It’s no secret that this season’s crop planting is off to a snail’s pace. According to USDA’s Planting Progress Report, as this week began only 9 percent of the corn acres had been planted nationwide. That’s 37 percent below this time last year.

However, it’s important to remember that last spring presented an early and extended crop planting window across much of the Corn Belt. But as Jed Lafferty, managing director of life sciences at Planalytics, points out “year-on-year weather patterns repeat only 20 percent of the time.”

In contrast, the two-week forecast shows little relief in this year’s long stretch of wet weather and cool temperatures. Not only is it keeping tractors out of the fields, it may force “many areas in Missouri and Ohio to replant,” notes Joe Kerns, with International Business Group in Ames, Iowa.

The weather cycle hasn’t budged. “We are in a portion of an 18-year cycle that is influenced by the same patterns that we experienced in 1993,” Kerns notes. “Not to the same degree, but similar—in a year with no room for error in the corn crop.” With the current pattern, dry conditions come with cooler weather; then the return of warm temperatures sets of more storms, for a vicious circle.

The cool temperatures could have another extended impact. “There’s a high risk of late freezes,” says Fred Gesser, senior business meteorologist, Planalytics. “Last freeze days could run 10 days to two weeks lather than normal.” Also, the lingering cool, wet weather increases the potential for plant diseases.

Looking further out, he expects a “high risk of hail, and a high risk of drought,” especially into Iowa and Missouri.  “Conditions will be wetter than normal in the Ohio and Tennessee Valleys, with a prolonged period of cooler than normal temperatures for the Great Lakes, and south into the Ohio Valley,” Gesser notes.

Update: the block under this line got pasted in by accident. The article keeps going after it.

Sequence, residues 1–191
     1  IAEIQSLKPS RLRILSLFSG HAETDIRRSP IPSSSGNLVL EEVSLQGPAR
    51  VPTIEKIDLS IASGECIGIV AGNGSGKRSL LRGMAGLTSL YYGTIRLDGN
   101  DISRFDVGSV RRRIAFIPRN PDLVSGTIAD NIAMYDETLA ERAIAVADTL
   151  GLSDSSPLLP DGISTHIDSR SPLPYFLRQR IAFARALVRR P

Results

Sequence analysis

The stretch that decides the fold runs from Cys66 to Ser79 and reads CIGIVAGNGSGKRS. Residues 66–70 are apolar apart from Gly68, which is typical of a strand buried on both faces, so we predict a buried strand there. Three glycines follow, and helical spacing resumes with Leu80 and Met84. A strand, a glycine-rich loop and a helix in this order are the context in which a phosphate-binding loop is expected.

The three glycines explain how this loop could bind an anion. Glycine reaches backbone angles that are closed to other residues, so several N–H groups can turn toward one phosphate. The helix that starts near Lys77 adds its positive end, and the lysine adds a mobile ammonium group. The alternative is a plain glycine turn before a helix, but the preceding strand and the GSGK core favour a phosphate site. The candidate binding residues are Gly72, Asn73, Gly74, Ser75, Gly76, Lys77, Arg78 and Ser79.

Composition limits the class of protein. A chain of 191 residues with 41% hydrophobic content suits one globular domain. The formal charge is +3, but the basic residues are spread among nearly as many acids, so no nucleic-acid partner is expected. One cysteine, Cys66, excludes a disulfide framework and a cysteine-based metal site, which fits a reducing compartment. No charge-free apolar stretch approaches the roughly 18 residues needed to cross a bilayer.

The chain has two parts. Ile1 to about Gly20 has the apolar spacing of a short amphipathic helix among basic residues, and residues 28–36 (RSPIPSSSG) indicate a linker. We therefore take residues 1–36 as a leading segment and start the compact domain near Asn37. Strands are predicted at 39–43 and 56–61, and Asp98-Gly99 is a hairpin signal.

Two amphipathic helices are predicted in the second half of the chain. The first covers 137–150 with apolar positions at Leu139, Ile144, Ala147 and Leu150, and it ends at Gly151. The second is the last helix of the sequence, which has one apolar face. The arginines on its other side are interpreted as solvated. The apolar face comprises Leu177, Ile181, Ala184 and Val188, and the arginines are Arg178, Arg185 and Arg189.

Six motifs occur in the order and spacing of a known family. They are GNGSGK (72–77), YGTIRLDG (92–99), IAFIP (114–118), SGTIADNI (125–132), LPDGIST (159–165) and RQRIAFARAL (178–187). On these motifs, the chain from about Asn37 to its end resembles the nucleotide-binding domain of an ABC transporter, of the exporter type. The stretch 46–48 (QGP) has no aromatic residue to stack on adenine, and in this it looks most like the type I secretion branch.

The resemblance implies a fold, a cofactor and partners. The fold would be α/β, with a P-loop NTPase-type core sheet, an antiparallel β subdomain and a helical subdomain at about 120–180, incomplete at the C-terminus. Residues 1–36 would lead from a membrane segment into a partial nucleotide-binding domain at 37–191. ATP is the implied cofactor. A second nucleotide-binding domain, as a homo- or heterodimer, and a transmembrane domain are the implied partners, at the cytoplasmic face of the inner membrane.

In the country’s northern tier, snow has lingered and reoccurred late this season. Canada, which goes mostly unnoticed during U.S. planting season, is facing a worse scenario. Rain and snow moved through Saskatchewan this past weekend. “You will see little to no planting there, and in Manitoba, until the end of May,” Kern says. Challenges in Canada’s major grain-production area will only add to global supply burdens.

Flooding has already occurred in several states, and there’s more to come. High-water conditions continue to threaten the Mississippi, Illinois and Ohio rivers just to name a few.

Talk of corn acres switching over to soybeans is increasing. Corn can be planted until June 1, depending on where you are. But after about May 10 to May 15, yields start to decline, says Steve Meyer, president of Paragon Economics. And, the need is for an average yield of +165 bushels per acre this year.  

 Of course, with today’s equipment, planting can make tremendous progress in just a few days once the ground dries. “If it gets sunny, we can plant this crop in three to five days,” Meyer says.

An even longer-term risk of late plantings is late harvest. With USDA’s 675 million bushel carryover estimate (about a three-week supply), physical corn supplies could dry up before new crop harvest begins. A late harvest would cause serious supply problems if it lasts into late September or October.